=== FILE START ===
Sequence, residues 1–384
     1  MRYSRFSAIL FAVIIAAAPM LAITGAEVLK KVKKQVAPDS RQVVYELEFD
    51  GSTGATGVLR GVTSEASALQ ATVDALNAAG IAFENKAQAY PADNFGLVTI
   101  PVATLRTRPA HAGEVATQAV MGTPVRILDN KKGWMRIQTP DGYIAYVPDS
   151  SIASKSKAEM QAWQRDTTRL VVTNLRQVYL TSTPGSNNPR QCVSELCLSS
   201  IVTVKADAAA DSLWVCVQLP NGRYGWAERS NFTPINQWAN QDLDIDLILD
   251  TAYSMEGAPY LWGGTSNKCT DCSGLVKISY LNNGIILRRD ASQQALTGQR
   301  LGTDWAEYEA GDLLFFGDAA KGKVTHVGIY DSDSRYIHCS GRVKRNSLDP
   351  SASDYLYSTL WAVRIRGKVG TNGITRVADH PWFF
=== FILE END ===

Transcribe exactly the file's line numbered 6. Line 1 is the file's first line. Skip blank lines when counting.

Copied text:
   201  IVTVKADAAA DSLWVCVQLP NGRYGWAERS NFTPINQWAN QDLDIDLILD